Maybe San Diego quarterback Philip Rivers was still in shock.
But after a historic collapse against Peyton Manning and the Denver Broncos on “Monday Night Football,” Rivers basically characterized what had just happened on the football field as just another loss.
“Every loss hurts,” he said after the 35-24 loss to the Broncos. “Regardless of what negative or bad plays or how you lose a game, when you lose a game, it’s rough. Especially a game when you had such a big lead. So much was at stake for an early-in-the-year division game. It’s not the way we want to go into the bye week. Certainly, it’s not the way I, and we, wanted to perform. We’re 3-3, you regroup, and get ready to go.”
Pretty sure that at least for Chargers fans it was not just another loss. Not when their team had a 24-0 halftime lead and was well on its way to a two-game lead in the AFC West six games into the season, only to find itself at 3-3 and tied with the Broncos for the division lead.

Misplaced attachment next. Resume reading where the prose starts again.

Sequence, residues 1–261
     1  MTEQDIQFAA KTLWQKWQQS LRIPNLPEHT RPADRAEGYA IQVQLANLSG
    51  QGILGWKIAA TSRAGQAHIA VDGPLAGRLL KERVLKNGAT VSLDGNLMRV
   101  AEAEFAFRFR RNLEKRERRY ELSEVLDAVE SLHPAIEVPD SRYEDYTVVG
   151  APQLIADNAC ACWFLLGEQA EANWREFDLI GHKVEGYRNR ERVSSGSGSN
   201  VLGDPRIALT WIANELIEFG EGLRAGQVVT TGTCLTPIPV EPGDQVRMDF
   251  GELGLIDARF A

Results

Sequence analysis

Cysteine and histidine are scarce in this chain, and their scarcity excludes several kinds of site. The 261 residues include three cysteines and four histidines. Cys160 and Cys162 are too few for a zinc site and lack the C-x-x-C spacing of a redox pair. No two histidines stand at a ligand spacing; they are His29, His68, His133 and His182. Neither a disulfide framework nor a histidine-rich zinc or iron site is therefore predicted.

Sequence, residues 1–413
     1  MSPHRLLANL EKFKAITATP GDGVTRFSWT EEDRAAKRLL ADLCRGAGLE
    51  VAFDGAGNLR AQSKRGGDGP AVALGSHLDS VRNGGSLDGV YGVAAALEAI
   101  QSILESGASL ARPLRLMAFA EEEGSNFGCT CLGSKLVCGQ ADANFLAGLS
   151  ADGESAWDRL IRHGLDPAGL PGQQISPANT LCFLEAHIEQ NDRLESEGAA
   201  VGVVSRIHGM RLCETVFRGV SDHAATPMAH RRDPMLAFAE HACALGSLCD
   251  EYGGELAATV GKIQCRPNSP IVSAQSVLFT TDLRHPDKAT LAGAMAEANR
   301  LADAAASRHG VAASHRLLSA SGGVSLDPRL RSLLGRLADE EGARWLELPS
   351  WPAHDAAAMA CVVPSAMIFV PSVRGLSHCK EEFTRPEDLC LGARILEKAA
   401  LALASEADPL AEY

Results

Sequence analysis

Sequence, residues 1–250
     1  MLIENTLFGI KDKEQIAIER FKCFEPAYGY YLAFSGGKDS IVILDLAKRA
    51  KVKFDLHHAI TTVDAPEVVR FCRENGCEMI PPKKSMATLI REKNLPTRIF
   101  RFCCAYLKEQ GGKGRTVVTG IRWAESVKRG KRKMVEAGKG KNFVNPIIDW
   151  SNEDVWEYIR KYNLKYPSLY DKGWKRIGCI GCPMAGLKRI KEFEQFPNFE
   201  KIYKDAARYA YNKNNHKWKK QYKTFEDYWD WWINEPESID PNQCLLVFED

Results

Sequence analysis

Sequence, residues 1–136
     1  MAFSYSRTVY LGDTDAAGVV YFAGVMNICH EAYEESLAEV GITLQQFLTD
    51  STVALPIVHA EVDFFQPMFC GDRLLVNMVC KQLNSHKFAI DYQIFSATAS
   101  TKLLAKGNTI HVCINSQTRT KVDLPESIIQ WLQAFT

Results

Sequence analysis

And not after seeing their beloved Bolts become the first team in NFL history to lose by double digits after leading by 24 points in what also tied all-time records for the largest comebacks by a road team in league history and by any team ever on “MNF.”
It certainly wasn’t just another loss for Rivers either from a performance standpoint. He turned the ball over six times with four interceptions, both career highs. Five of the Chargers’ six drives in the disastrous second half ended with a Rivers turnover, with two of those being returned for Broncos touchdowns.
They went three-and-out in their other second-half drive, during which Rivers completed a four-yard pass but also was sacked for a nine-yard loss.
Credit goes to Rivers for taking responsibility for a lot of the miscues. “It was mostly just poor throws,” he said. “I wasn’t fooled out there once today.”
I’m not trying to say that Rivers is happy about what happened or that he doesn’t care. Like he said, every loss hurts.
I just can’t imagine that this one doesn’t hurt a little more than the others.